My Experience at International School Lusaka

 ISR received the following comments from the teacher involved in this incident

(9-25-2014) “I’m happy to report that the matter between myself and ISL “The International School of Lusaka, Zambia” has been settled privately.”

My Experience at International School Lusaka


“…..To my utter disbelief, I saw that the government had first rejected my work permit application on June 12, 2012. I was NEVER notified of this, and, in fact, Mr. Bowen lied to me all fall term saying I needed to be patient until it was approved. Then there were notes that my work permit was rejected again in July, and a third time in August. Again, ISL never notified me of this. Instead, they brought my family and myself to Zambia in August with FULL knowledge that I would be unable to work…. beyond belief.”

Dear Dr. Spilchuk,
I am writing to inform you of the atrocious treatment my children and I received from the International School of Lusaka, Zambia (hereafter “ISL”), and most specifically by Mr. Phil Bowen, Acting Head of School during the 2012-13 school year. ISL violated my contract and to this day has refused to pay severance as per contract. I would ask that you warn others.  Read More

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24 thoughts on “My Experience at International School Lusaka

  1. I have read all of these comments and to protect all Teachers and especially those beginning this journey of Internnational Teaching then as part of membership fees I feel you need to have available a Red Flag list of schools who have known problems so individuals can decide for themselves to continue to discontinue their applications. Thanks


  2. I have read all the comments that have been made by those that have responded to Colette’s concerns and misfortune.I have been teaching at ISL for 14 years and I have seen colleagues and administrators come and go. This is a great school, but has its ups and downs like any other school. We sympathized with Colette’s position as colleagues and she knows deep down her heart that we all cared for her and treated her children with utmost care, knowing what she was going through. I am not defending the administrators or the board of governors,but I am very disappointed with some of my colleague’s comments. With due respect, Steven should be the last person to talk ill about this school because he knows very well why he had to leave prematurely (and think about the reputation he left behind). My advice to him is to keep “low” if not quiet! As regards the firing of Heads of School, there have been various reasons that can be attributed to that. One typical example is that of 1999 case where the then HOS, in her own wisdom, recruited over 20 teachers and flew them into the country (though they were “camped” in Zimbabwe) without securing work permits for them! Indeed, ISL has had these challenges, but it has remained strong and resolute to overcome these hiccups. I hope the demonizing of this school will not discourage us to maintain the high standard of performance that the institution has been striving for for the last 50 years. Many genuine, hard working and dedicated expats have had and will continue to enjoy the hospitality of this multi-cultural environment and the warmth of Zambia.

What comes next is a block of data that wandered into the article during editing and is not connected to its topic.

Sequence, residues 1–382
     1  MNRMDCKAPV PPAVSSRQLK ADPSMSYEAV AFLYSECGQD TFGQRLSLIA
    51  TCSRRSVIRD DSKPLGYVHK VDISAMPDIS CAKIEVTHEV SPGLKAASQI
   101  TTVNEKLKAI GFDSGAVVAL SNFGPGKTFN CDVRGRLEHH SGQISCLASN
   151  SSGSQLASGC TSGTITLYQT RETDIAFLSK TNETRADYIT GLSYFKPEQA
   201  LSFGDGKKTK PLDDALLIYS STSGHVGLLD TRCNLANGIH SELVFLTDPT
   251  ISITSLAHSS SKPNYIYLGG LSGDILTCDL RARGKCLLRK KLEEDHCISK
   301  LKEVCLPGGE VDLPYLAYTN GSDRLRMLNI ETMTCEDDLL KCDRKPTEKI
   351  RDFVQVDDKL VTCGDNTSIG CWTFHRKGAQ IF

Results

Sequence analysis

3. Granted, I know both Mr Bowen and Mwanza personally, who are both swell fellows, but I don’t feel this is even a matter of defamation as the previous poster stated. This is instead a showing of pure incompetence on the part of the ISL management. Unfortunately, this mediocrity has become far too prevalent in most international schools around the world including ISL. You’ve got every right to feel disillusioned and betrayed, Colette. I’m a former ISL student that attended the school for the best part of 14 YEARS. If there was anyone that could explain the several injustices I witnessed in that school, it is someone like me. The staff and headmaster turnover was absolutely preposterous to say the least. I believe there were 6-7 headmasters in my time alone. This is a ridiculous number for 15 years. There is no continuity in the school, neither are there any infrastructural improvements which should be mandatory in this modern age. Often times, us students would become attached to these teachers who’d often put on a brave face in-spite of the treatment they were forced to endure by the higher echelons of power. I’d like to take this opportunity to say ISL is not a terrible school in the slightest; it taught me most of what I know today. The problem is that it’s ran by serpentine board members that seem to look at the school as a profit making venture instead of an educational institution. Some of the students and teachers there are delightful human beings that are unfortunately oblivious to the veneer the school tries to portray. I became sick of it and decided to leave. Your experience is something I lament hearing, especially reading that your children were unfortunate scapegoats in the entire ordeal. I hope you find peace and justice in the end.

    P.S a previous poster: ‘R Steve Gumbay’ was one of my former teachers back in 2007-08 at ISL. Great teacher and an even greater man who gave me the ability to question authority and think freely and out of the box. (Hope you’re well sir! Will never forget your lessons on skepticism and the viewing of ‘The Illusionist’) This is a man that was also treated extremely unfairly in his time there.